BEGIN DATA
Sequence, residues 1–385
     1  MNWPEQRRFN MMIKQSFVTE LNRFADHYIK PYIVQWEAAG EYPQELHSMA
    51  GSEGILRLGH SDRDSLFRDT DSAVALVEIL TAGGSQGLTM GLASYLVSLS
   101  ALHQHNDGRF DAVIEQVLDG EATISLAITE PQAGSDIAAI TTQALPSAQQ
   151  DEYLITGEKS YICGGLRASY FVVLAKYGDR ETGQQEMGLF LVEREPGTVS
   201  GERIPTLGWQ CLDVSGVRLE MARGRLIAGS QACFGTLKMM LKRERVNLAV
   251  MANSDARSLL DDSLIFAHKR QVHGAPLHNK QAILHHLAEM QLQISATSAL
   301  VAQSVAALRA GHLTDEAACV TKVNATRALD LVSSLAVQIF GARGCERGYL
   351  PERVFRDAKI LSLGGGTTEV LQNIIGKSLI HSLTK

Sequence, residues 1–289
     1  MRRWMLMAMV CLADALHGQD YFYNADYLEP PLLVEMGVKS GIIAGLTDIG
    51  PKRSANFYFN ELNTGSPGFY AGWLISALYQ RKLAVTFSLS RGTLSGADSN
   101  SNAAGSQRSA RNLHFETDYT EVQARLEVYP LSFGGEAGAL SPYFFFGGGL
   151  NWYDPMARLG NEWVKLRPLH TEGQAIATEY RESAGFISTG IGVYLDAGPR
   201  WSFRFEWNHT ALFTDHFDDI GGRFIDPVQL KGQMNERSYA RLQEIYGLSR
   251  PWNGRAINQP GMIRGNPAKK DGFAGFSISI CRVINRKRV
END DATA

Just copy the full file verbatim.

Sequence, residues 1–385
     1  MNWPEQRRFN MMIKQSFVTE LNRFADHYIK PYIVQWEAAG EYPQELHSMA
    51  GSEGILRLGH SDRDSLFRDT DSAVALVEIL TAGGSQGLTM GLASYLVSLS
   101  ALHQHNDGRF DAVIEQVLDG EATISLAITE PQAGSDIAAI TTQALPSAQQ
   151  DEYLITGEKS YICGGLRASY FVVLAKYGDR ETGQQEMGLF LVEREPGTVS
   201  GERIPTLGWQ CLDVSGVRLE MARGRLIAGS QACFGTLKMM LKRERVNLAV
   251  MANSDARSLL DDSLIFAHKR QVHGAPLHNK QAILHHLAEM QLQISATSAL
   301  VAQSVAALRA GHLTDEAACV TKVNATRALD LVSSLAVQIF GARGCERGYL
   351  PERVFRDAKI LSLGGGTTEV LQNIIGKSLI HSLTK

Sequence, residues 1–289
     1  MRRWMLMAMV CLADALHGQD YFYNADYLEP PLLVEMGVKS GIIAGLTDIG
    51  PKRSANFYFN ELNTGSPGFY AGWLISALYQ RKLAVTFSLS RGTLSGADSN
   101  SNAAGSQRSA RNLHFETDYT EVQARLEVYP LSFGGEAGAL SPYFFFGGGL
   151  NWYDPMARLG NEWVKLRPLH TEGQAIATEY RESAGFISTG IGVYLDAGPR
   201  WSFRFEWNHT ALFTDHFDDI GGRFIDPVQL KGQMNERSYA RLQEIYGLSR
   251  PWNGRAINQP GMIRGNPAKK DGFAGFSISI CRVINRKRV